6 things to keep in mind while writing a business email - Instream Group
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6 things to keep in mind while writing a business email

Actually, why are you writing to me? This is the least desirable reaction of the recipient to your email. All the efforts put into planning the campaign and searching for contacts have come to nothing at this point: your message has not been understood. The average user’s inbox consists of 50% newsletters and 20% social media notifications. Rarely anyone has the time and patience to analyse every message received. If the recipient does not understand why you are writing to them, they will tag your message as spam.

Luckily, you have an influence on, what the emails you send to potential customers and business partners, look like. You can learn to better convey messages. Do not fool yourself, everyone makes a lot of mistakes. It is important not to repeat them endlessly. You have an important email to write. The success of your campaign depends on it. Where should you start?

 

1. Structure:

A well prepared email structure

Plan the structure of the message. The recipient must know well who you are, what you want, and what he can do about it. When planning your message, consider these basic questions, and try to create a clear message that addresses them. How you organize the information affects the readability and comprehensibility of the message.

 

2. Form:

Email, like a traditional letter sent by post, has its technical requirements. If you want your message to look professional, follow a few rules:

Start with a greeting

If you have already had the pleasure of meeting or exchanging correspondence with someone, you can address this person personally: Mr. John / Mrs. Kathy; Good morning, Mr. John / Mrs. Kathy or just Good morning, and, if you feel you can use an informal address, write “Hi”. If you write to an unknown person or persons, the safest form is Sir or Madam. Never write “Welcome”. It is the form you should use while hosting an official welcome or when you greet someone who is below you in the pecking order of the organisation.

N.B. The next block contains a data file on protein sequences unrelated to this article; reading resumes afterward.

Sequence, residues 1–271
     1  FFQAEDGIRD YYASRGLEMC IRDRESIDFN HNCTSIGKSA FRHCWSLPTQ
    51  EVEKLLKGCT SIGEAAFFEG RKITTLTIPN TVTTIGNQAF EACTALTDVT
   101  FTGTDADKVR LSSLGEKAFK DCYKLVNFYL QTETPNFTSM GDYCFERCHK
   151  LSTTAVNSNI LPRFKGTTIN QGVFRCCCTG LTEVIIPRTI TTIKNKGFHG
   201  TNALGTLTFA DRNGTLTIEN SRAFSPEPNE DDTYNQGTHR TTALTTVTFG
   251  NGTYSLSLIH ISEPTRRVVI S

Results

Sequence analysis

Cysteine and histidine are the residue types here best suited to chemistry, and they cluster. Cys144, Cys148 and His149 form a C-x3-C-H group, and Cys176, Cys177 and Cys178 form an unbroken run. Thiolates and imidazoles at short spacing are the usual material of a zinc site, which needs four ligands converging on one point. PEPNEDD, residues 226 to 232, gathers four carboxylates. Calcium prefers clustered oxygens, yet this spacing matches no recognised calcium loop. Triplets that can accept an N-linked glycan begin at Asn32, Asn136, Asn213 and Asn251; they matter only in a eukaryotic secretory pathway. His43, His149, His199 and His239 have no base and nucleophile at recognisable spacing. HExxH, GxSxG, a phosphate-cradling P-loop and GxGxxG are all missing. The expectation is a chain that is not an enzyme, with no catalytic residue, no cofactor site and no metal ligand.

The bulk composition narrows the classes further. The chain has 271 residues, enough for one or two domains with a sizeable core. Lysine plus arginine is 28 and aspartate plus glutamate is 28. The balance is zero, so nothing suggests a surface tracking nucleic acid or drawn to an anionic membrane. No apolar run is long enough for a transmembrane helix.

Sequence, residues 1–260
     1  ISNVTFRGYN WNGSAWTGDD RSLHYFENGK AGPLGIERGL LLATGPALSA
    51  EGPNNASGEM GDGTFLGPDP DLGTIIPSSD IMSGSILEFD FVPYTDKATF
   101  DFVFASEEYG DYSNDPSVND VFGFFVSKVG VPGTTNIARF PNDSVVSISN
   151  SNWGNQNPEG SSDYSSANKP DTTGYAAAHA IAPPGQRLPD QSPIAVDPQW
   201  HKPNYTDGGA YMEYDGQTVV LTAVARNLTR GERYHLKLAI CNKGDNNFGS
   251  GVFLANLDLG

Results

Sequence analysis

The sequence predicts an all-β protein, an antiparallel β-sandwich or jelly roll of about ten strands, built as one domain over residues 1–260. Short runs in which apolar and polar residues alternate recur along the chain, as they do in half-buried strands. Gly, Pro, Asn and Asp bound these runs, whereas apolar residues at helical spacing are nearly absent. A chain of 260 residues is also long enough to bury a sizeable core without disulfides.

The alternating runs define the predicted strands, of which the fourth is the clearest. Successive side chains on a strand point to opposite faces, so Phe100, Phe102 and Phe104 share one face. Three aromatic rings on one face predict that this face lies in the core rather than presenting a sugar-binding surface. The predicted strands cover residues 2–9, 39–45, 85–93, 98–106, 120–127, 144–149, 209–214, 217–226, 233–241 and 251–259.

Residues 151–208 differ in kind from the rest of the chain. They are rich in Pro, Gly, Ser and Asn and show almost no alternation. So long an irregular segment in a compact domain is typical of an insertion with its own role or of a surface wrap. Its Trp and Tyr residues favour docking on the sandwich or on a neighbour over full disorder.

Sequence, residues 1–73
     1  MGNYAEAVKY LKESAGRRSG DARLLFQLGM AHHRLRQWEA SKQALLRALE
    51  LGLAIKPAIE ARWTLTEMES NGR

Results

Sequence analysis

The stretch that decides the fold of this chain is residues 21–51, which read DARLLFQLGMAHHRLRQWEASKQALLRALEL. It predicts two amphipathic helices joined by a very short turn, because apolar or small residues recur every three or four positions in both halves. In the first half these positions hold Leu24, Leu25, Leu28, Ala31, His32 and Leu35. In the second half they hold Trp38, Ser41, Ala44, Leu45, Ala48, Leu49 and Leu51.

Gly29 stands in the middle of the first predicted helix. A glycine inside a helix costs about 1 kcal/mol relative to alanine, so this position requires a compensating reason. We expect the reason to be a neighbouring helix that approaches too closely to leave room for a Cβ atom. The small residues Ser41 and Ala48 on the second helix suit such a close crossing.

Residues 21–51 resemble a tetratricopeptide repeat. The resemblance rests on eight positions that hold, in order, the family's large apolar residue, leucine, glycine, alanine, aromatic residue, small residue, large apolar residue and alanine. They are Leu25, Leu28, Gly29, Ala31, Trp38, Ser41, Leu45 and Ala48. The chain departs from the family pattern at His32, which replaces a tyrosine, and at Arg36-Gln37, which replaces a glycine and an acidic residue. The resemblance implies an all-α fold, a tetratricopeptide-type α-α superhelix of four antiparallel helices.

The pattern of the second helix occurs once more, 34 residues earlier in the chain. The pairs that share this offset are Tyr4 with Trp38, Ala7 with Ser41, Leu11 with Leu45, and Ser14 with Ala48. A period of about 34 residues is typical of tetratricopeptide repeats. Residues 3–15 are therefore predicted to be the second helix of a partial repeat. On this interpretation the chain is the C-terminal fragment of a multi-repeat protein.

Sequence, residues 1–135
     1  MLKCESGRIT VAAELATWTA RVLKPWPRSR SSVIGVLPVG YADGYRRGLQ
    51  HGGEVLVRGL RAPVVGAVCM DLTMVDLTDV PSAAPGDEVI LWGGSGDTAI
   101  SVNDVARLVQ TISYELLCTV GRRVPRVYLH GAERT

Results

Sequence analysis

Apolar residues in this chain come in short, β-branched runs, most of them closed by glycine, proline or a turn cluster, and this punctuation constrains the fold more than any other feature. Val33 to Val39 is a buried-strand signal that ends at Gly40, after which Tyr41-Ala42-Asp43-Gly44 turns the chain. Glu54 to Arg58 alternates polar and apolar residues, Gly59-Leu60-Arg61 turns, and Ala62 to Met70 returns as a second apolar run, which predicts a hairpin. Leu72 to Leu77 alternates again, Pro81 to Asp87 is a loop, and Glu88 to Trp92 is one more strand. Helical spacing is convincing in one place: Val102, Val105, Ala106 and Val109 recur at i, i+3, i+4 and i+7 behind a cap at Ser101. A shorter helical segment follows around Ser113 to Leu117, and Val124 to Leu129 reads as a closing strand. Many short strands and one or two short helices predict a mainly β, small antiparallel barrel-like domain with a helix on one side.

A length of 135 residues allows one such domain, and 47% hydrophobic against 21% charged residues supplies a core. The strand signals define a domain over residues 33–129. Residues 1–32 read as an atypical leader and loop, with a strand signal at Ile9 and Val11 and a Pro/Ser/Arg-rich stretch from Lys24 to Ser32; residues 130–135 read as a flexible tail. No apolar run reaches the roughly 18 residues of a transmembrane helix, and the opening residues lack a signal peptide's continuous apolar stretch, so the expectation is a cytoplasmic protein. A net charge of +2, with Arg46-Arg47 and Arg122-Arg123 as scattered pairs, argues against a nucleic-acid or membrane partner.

Present yourself

If the recipient does not know you, present yourself in 1 or 2 sentences. Select the information you are presenting in the context of the message—it is meant to be relevant to the issue you are writing about. If you have had the opportunity to meet the recipient, mention the event at which you got acquainted.

Present the issue

Start with the sentence in which you include the essence. You can reformulate what you have written in the title—briefly say what you mean. Do not count on a person who receives hundreds of emails a day to go through a long message to determine what is the purpose of your writing. In the following sentences you can expand on the subject a little bit, but—remember—do so concisely! You will achieve more with ‘less is more’ than by writing a whole lengthy paper. It is likely that your message is not purely informative in nature, but rather a desire to involve the recipient in some activity. Present a proposal for the activity you expect from the recipient in a clear way. It is best to be direct. You can, for example, use the following sentence: If you are interested in ……, please feel free to contact ……….